Before that, there hadn't been a bus service along St Ann's Road since Route 60, which had run Herne Hill, London Bridge, Bank, Newington Green, Manor House, Seven Sisters Road, St Ann's Road, Tottenham (Cornwall Road), was withdrawn in June 1914

London Bus Route Histories here: http://www.londonbuses.co.uk/menus/rl001-100.html

Comment by StephenBln on June 7, 2015 at 19:07

Brian, yes, the 171 was the most unreliable of all the bus routes in Harringay in the 50s and 60s as it is also ran on a 10 minute headway, which seemed an eternity back then, when most other services ran at 2-3 minute intervals.

Interesting for bus route enthusiasts is the eternal triangle of routes 67, 171 & 341. The original route 67 ran from Tottenham Garage via Stoke Newington, Moorgate, Waterloo, Clapham Common, South Wimbledon to Raynes Park. It was cut back to run Tottenham - Waterloo at the beginning of WW2 in 1939. The 171 joins the story in 1952, running Tottenham(Bruce Grove), Harringay, Angel, Embankment Westminster Bridge, Brixton, West Norwood. It was rerouted at Westminster from 1957 to run via Elephant & Castle to Forest Hill. The 67 was withdrawn as a consequence of the London Busmen's Strike in 1958 and the 171 was rerouted to cover it between Holborn Hall & Waterloo .. via Fetter Lane & Chancery Lane. A new 67 was introduced in 1961 running Northumberland Park to London Docks (Leman Street) via Aldgate. It was cut back in 1971 to run Stamford Hill to Wapping, where it was extended in 1966. The 171 was cut into two in 1986 and the northern section became the 171A Tottenham to Waterloo and later from Northumberland Park. It's replacement the 341 now runs to Waterloo to Northumberland Park. The 67 was extended to Wood Green in 1979, which had been the planned terminus of 171 before it was introduced in 1952.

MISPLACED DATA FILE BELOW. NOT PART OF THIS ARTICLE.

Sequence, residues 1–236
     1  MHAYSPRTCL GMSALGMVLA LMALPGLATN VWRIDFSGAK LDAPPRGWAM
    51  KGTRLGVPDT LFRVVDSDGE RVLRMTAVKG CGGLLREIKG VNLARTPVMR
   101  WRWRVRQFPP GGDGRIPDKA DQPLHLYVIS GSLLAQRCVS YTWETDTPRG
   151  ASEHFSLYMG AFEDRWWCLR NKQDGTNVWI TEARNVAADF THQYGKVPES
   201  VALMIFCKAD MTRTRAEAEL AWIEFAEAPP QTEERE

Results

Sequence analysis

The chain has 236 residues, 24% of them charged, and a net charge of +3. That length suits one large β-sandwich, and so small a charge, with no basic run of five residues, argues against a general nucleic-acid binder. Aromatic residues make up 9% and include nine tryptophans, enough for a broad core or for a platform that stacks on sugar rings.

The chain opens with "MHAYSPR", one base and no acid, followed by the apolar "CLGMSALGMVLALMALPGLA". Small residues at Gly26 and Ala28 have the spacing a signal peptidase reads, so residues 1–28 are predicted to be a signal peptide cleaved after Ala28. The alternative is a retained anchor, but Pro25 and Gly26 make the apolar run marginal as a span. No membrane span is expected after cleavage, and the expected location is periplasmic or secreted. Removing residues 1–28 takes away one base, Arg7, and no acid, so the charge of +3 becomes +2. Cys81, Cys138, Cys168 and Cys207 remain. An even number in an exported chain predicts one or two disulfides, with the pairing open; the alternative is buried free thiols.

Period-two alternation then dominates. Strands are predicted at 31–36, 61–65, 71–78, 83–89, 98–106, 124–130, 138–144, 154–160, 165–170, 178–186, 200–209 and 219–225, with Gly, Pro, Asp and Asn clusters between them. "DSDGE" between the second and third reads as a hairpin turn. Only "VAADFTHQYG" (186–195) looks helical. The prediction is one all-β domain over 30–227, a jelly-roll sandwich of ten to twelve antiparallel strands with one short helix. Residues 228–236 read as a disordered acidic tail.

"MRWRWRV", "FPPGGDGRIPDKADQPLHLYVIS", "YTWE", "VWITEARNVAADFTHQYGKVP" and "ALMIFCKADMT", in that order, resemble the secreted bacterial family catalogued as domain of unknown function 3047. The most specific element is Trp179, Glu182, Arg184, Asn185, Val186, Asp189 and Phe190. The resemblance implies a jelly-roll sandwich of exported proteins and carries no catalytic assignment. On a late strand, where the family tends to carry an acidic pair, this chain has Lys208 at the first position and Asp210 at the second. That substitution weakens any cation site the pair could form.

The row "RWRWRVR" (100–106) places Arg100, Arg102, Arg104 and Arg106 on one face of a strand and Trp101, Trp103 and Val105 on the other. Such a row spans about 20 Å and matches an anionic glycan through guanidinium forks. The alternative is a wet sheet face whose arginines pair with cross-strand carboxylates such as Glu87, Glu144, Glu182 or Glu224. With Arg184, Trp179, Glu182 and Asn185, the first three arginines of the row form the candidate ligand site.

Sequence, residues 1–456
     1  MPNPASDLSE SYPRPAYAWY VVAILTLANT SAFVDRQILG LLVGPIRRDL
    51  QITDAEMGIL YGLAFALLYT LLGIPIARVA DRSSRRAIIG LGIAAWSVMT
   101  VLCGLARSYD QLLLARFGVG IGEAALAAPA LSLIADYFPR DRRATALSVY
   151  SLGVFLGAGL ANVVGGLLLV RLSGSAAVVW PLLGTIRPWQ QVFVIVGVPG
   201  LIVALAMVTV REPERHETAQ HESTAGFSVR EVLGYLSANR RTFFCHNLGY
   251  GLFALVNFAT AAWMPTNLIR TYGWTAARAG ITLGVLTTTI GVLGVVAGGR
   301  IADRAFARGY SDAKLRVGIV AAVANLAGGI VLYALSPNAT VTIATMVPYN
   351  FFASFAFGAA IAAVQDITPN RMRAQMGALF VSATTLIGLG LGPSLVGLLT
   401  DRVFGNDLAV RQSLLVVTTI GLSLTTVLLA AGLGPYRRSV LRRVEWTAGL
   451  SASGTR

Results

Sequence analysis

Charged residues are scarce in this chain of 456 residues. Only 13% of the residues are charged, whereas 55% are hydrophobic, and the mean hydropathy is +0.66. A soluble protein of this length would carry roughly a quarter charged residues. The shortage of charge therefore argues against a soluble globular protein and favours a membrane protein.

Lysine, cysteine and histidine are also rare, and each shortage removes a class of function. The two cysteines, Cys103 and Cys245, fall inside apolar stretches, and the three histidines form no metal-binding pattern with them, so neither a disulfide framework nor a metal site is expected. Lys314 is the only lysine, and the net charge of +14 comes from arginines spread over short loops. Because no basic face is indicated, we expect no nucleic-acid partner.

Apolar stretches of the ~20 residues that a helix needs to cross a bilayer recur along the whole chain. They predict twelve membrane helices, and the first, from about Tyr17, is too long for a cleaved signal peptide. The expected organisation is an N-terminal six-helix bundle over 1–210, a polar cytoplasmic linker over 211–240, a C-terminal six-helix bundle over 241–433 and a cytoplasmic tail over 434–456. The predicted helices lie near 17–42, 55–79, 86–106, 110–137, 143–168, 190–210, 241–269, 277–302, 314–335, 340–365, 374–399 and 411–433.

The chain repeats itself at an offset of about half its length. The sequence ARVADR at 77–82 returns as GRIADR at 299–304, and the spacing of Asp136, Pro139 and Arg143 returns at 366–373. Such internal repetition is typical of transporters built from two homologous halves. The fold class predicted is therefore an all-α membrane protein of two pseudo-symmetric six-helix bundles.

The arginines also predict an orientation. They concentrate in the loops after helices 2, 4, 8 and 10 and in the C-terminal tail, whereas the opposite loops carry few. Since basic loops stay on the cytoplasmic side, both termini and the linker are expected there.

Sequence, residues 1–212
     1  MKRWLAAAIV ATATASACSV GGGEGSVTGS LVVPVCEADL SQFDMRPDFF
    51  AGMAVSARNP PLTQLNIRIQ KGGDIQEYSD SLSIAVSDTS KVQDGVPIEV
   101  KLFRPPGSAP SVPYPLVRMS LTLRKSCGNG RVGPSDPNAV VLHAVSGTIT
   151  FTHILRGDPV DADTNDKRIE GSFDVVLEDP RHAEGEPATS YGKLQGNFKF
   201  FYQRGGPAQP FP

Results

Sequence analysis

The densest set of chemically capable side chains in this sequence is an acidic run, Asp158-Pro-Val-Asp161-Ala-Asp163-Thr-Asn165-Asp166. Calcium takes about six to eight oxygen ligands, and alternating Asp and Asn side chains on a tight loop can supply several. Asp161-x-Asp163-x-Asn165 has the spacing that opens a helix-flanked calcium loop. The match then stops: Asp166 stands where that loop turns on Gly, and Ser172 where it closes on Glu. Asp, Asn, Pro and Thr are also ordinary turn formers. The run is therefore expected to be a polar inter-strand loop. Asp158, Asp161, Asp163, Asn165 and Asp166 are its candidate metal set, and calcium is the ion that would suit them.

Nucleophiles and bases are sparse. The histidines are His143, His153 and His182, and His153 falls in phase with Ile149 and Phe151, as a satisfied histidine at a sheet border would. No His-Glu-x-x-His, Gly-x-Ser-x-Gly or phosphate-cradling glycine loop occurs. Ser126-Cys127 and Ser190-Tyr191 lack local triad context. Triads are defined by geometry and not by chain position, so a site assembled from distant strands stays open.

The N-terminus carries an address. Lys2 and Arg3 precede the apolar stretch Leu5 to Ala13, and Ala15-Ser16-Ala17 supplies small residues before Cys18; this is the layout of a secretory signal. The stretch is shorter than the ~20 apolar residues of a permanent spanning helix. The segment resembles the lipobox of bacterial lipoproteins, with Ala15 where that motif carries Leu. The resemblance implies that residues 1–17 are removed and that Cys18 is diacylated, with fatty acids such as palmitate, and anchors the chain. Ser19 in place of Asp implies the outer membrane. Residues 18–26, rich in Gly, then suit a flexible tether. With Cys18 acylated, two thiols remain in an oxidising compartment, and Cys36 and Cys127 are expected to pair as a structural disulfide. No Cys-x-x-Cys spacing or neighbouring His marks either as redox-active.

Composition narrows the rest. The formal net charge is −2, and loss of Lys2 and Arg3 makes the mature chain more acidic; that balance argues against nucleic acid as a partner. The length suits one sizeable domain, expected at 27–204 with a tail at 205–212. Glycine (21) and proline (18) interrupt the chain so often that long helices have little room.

Phew, I hope that makes sense.

Comment by William Booth on June 7, 2015 at 20:10

Very interesting! So there's never been a bus that ran all the way along St Ann's Road (even now, you have to cross the road to change buses across Black Boy Lane to do so on the 341/67)?

Comment by StephenBln on June 7, 2015 at 21:24

No, there has never ever been a direct bus service from St Ignatius to the Salisbury - door to door. Even Route 60 in 1914 was very short lived, running only from March to June 1914. In those days, long before surveys, bus routes were introduced on a speculative basis - in the hope that they'd drum up new business. If they didn't, they didn't survive.

I have the L.G.O.C. April 1914 in my collection. It shows Route 60 running to South Tottenham, but via Nag's Head & Manor House. The Omnibus Society listings show it as running via Newington Green. As I said, routes ran on a trial basis, so it might have been planned to run the 60 via the Nag's Head, but the routeing was changed at the last minute.

The scribbling on the map is now a hundred years old as was done by Ben Lazarus, correcting the map to September 1914 after the cuts made at the beginning of WW1 were made. From Holloway, he donated his whole collection of bus maps from 1910 to 1965 to me, way back in 1976. Now long gone, I'm grateful to him for helping me build my bus map collection up.

Comment by StephenBln on June 7, 2015 at 22:12

RTL 1262 on Route 171 shortly after introduction in 1952. Interesting Harringay is that the Intermediate Blind shows Green Lanes, St Ann's Rd, Philip Lane. Obviously shown to advertise the new routeing, although Manor House, the former tram terminus has been left out. Seen at West Norwood.